Britain closer to euro, Barroso says
The global credit crunch has sparked a debate about joining the euro among "people who matter in Britain," European Commission President Jose Manuel Barroso has said.
Speaking on a French RTL radio and LCI television show on Sunday (30 November), Mr Barroso argued that the entry to the eurozone of some EU member states who had previously strongly opposed the move is "now closer than ever before."
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"I'm not going to break the confidentiality of certain conversations, but some British politicians have already told me, 'If we had the euro, we would have been better off'," he said.
"I don't mean to say that it will be tomorrow and I know that the majority in Britain are still opposed, but there is a period of consideration under way and the people who matter in Britain are currently thinking about it", the former Portuguese prime minister added.
Apart from the countries that joined the EU in 2004 and 2007, the UK is one of three western European member states - along with Sweden and Denmark - that have abstained from joining the common currency, partly due to the views of the current British prime minister Gordon Brown.
Despite the Labour party promising to adopt the euro ahead of its election in 1997, current leader and former finance minister Gordon Brown has historically resisted such calls, arguing that the British economy was not ready.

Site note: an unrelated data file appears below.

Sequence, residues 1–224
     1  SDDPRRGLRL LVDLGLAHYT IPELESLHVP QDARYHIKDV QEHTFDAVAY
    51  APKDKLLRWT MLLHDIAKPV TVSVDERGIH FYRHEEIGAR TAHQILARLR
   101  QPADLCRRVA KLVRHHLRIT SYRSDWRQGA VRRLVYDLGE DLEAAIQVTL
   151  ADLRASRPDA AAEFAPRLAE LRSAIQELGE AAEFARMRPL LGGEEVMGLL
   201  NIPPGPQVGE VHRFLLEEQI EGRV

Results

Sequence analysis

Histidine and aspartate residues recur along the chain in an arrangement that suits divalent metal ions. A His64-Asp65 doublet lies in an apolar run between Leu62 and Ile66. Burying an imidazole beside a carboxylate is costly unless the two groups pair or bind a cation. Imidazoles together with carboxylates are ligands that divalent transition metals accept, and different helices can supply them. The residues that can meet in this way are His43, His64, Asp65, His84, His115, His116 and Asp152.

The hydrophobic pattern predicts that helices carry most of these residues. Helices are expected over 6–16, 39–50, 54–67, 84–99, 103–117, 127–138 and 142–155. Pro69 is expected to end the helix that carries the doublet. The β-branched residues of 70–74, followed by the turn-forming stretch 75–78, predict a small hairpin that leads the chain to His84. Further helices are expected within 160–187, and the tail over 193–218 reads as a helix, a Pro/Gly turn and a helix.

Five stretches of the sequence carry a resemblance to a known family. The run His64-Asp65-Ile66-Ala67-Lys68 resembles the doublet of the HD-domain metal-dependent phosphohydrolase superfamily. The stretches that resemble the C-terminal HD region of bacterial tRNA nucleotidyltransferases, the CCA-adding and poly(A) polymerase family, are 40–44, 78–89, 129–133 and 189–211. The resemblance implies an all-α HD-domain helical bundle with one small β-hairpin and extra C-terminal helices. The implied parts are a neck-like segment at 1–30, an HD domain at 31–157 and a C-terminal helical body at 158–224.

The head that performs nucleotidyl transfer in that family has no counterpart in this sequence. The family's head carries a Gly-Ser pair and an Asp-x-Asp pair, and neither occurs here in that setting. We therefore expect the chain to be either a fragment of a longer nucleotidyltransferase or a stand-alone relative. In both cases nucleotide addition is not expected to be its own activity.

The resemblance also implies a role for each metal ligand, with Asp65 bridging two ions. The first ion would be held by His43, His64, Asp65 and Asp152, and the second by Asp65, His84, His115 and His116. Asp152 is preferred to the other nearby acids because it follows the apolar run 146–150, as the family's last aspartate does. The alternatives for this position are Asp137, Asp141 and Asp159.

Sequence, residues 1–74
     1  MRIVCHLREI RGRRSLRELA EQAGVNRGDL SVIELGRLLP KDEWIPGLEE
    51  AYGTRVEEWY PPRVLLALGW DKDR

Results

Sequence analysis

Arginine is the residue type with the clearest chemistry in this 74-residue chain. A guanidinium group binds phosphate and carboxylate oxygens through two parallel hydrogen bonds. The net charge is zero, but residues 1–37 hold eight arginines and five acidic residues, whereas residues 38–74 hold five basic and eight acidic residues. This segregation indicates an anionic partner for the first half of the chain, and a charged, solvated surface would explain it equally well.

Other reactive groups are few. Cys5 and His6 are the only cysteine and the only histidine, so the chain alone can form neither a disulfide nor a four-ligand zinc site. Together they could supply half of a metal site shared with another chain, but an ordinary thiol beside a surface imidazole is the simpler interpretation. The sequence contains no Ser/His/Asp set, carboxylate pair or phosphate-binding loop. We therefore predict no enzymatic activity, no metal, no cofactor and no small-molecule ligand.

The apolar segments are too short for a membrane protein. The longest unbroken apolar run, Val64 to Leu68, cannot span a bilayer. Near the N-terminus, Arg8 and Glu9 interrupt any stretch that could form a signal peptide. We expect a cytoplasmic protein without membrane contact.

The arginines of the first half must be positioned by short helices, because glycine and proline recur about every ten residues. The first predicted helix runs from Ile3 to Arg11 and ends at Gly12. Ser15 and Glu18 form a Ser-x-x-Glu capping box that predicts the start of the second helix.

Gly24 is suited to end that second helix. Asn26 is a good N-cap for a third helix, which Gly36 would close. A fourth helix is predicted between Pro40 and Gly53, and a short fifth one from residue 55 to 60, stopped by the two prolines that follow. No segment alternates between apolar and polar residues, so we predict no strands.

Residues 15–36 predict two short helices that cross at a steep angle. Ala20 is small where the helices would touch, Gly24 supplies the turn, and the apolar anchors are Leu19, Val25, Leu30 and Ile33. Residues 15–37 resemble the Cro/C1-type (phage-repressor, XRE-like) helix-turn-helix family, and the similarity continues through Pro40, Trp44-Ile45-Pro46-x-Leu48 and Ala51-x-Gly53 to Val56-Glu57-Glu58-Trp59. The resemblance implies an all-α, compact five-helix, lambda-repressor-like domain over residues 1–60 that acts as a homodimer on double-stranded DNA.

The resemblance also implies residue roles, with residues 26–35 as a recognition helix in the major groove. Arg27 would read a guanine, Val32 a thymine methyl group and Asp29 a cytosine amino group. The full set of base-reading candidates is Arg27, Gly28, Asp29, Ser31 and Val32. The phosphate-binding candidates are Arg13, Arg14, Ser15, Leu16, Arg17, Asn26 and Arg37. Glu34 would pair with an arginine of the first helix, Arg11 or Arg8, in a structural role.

He has over the years presented several reports describing how the scrapping of the pound would harm employment and investment in the country's jobs and investment.
But according to the head of the EU's executive, the financial crisis has now changed the argument. The pound has suffered from problems in both the financial sector and the real economy, with 2 million jobs in the UK expected to go by the end of this year.
A Downing Street spokesperson played down suggestions by Mr Barroso however, saying: "We have no comment on this. Our position on the euro is the same - it has not changed," BBC reported.
Iceland considering unilateral euro adoption
A similar debate to that in Britain is a step further in Denmark, with government officials actively explaining to the public the country's cost in not being part of the eurozone, Mr Barroso suggested.
Danish Prime Minister Anders Fogh Rasmussen said last month that he would try to achieve a broad public consensus on holding a referendum on the euro,, which analysts expect in March or April next year.
Meanwhile, Iceland is considering switching to the euro even without a green light from EU institutions and despite their warnings against such a unilateral move.
"People are looking into the possibility of [something similar to] 'dollarisation,' or unilateral adoption of the euro, which would probably raise a lot of eyebrows in the European Union," Icelandic Prime Minister Geir Haarde said in an interview on Saturday (29 November), Reuters reported.
Mr Haarde said that the issue is "an open question at the moment," while noting that the process of joining the EU and the common currency according to the normal procedures and guidelines would take two to three years.
"Clearly, this debate is not the answer to the current crisis," he said. Until now, the prime minister's Independence Party has been sceptical about EU membership.
For its part, the European Commission has warned Reykjavik it cannot adopt the euro without joining the 27-strong Union.
The eurozone currently consists of 15 member states, with Slovakia set to join on 1 January 2009.